“Like nothing else in literature, it gives one the feel of how creative science really happens. It opens a new world for the general non-scientific reader.” C.P. Snow
Around 1510, a Polish cleric named Nicolaus Copernicus conceived a revolutionary theory which placed the Sun, not the Earth, at the centre of our universe. As he worked alone on a full explication of the theory, he grew fearful of public reaction, and decided to keep his manuscript a secret. Then in 1539 a young German mathematician, Rheticus, travelled to meet Copernicus in the hope of setting eyes on it.
The Greatest Show on Earth is a stunning counter-attack on creationists, followers of ‘Intelligent Design’ and all those who still question evolution as scientific fact. In this brilliant tour de force Richard Dawkins pulls together the incontrovertible evidence that underpins it: from living examples of natura selecetion to clues in the fossil record; from plate tectonics to molecular genetics.
Peak Everything addresses many of the cultural, psychological and practical changes we will need to make as nature rapidly dictates our new limits. This latest book from Richard Heinberg, author of three acclaimed books on the issue of oil depletion, touches on the most important aspects affecting humanity at this momentous time.
Now recognized as one of the most influential books of the twentieth century, Silent Spring exposed the destruction of wildlife through the widespread use of pesticides. Despite condemnation in the press and heavy-handed attempts by the chemical industry to ban the book, Rachel Carson succeeded in creating a new public awareness of the environment which led to changes in government policy and inspired the modern ecological movement.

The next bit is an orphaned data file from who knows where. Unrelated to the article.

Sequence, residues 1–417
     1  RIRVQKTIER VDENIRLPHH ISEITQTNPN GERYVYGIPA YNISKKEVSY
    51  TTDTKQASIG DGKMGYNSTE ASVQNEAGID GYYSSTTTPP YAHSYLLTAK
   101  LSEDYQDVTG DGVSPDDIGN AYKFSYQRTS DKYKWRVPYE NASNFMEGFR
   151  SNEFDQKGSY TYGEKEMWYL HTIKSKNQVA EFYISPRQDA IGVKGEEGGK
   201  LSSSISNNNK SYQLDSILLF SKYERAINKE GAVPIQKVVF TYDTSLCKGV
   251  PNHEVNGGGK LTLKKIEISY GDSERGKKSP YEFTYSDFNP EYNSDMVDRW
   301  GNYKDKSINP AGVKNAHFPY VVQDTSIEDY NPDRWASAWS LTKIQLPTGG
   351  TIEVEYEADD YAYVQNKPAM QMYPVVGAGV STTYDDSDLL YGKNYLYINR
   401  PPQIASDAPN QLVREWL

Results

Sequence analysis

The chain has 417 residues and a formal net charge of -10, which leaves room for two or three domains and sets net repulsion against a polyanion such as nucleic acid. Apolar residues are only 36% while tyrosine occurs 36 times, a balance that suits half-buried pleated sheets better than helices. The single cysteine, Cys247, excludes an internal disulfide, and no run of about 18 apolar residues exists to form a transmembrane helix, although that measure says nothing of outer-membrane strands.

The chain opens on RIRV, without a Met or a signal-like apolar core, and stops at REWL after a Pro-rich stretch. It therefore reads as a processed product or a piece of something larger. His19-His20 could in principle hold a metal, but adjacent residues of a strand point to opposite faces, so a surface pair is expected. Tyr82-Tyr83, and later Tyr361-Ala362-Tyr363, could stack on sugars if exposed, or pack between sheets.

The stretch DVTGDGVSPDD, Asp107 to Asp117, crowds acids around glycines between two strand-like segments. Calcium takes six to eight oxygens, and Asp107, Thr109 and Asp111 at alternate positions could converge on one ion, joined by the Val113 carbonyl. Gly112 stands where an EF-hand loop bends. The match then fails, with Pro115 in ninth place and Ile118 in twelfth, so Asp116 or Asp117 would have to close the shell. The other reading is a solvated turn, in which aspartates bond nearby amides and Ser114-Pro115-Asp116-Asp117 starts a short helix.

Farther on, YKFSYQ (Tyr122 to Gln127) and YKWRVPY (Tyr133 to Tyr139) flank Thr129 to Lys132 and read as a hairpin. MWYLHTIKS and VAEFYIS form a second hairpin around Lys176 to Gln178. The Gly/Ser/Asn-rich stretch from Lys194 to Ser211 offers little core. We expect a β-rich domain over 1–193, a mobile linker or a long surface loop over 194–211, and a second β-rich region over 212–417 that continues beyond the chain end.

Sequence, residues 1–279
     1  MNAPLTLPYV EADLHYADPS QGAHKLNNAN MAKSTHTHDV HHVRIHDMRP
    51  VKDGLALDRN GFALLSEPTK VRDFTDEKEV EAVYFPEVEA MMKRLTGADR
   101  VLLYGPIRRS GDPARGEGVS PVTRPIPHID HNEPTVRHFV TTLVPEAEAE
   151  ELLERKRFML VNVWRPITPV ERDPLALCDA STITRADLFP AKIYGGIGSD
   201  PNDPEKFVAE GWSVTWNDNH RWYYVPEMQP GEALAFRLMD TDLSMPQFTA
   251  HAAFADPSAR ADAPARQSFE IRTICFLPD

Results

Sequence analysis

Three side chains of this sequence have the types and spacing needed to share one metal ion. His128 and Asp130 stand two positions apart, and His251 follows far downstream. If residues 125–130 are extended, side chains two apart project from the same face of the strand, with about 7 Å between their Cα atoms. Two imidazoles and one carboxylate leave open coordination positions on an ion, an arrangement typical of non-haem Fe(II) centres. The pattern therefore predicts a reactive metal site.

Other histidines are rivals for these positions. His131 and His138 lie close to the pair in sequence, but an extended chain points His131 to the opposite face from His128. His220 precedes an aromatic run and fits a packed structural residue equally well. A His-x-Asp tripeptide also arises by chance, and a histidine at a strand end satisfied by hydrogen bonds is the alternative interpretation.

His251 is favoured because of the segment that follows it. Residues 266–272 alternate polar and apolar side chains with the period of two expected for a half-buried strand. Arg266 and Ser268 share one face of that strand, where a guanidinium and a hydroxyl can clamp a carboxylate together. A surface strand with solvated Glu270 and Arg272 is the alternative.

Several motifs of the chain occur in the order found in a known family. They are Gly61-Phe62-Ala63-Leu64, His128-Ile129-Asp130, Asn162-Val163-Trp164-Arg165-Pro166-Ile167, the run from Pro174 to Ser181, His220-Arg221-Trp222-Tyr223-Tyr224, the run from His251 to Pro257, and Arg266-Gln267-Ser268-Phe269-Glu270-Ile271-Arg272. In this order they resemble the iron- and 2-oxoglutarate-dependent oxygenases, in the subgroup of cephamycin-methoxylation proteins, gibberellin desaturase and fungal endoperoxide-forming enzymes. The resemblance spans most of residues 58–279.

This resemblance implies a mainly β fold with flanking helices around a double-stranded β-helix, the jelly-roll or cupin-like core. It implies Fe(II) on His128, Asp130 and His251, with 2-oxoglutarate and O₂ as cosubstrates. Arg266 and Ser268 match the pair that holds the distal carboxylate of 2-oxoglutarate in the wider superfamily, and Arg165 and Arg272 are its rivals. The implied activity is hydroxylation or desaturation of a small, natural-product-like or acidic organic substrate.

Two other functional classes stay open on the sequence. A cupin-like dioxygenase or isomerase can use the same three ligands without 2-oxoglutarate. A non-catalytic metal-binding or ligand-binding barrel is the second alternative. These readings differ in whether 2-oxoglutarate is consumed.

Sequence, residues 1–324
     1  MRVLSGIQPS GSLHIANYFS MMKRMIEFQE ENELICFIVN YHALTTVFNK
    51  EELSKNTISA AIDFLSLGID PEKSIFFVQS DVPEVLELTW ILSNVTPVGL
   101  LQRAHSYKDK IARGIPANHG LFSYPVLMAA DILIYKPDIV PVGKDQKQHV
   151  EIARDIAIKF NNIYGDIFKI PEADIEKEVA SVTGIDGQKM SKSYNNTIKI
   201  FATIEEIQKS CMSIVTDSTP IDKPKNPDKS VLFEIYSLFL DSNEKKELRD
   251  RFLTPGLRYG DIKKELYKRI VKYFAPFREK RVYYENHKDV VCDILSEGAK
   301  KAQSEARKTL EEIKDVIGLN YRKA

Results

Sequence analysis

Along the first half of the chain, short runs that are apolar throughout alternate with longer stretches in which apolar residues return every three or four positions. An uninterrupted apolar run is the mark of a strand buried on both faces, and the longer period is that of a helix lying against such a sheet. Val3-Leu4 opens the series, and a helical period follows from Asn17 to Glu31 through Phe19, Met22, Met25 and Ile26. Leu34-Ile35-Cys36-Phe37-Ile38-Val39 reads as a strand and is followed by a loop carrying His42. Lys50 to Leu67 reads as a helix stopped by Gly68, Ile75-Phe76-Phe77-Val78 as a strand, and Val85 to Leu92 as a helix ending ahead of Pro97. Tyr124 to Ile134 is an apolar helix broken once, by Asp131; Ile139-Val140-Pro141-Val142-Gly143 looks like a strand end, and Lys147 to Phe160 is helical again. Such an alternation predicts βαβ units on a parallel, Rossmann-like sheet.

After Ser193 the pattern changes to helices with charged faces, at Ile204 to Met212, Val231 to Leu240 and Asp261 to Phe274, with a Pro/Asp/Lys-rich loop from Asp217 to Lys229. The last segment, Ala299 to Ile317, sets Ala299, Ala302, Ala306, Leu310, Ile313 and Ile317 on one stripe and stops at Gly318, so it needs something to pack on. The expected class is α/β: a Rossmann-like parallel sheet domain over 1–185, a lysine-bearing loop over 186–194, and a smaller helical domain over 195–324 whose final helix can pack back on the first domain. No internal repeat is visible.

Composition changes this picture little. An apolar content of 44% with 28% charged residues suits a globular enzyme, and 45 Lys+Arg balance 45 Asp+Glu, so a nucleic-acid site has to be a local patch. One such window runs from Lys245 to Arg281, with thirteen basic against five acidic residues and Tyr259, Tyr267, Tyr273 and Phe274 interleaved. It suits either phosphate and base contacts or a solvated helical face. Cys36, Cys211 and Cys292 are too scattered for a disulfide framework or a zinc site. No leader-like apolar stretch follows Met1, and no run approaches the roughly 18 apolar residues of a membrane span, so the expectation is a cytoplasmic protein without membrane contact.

Annie Leonard tracks the life of the Stuff we use every day—where our cotton T-shirts, laptop computers, and aluminum cans come from, how they are produced, distributed and consumed, and where they go when we throw them out. Like Rachel Carson’s Silent Spring, The Story of Stuff is a landmark book that will change the way people think—and the way they live.
Easily the most influential book published in the nineteenth century, Darwin’s The Origin of Species is also that most unusual phenomenon, an altogether readable discussion of a scientific subject. On its appearance in 1859 it was immediately recognized by enthusiasts and detractors alike as a work of the greatest importance: its revolutionary theory of evolution by means of natural selection provoked a furious reaction that continues to this day.
The Origin of Species is here published together with Darwin’s earlier Voyage of the ‘Beagle’. This 1839 account of the journeys to South America and the Pacific islands that first put Darwin on the track of his remarkable theories derives an added charm from his vivid description of his travels in exotic places and his eye for the piquant detail.
In 1972, three scientists from MIT created a computer model that analyzed global resource consumption and production. Their results shocked the world and created stirring conversation about global ‘overshoot,’ or resource use beyond the carrying capacity of the planet. Now, preeminent environmental scientists Donella Meadows, Jørgen Randers, and Dennis Meadows have teamed up again to update and expand their original findings in Limits to Growth: The 30-Year Update.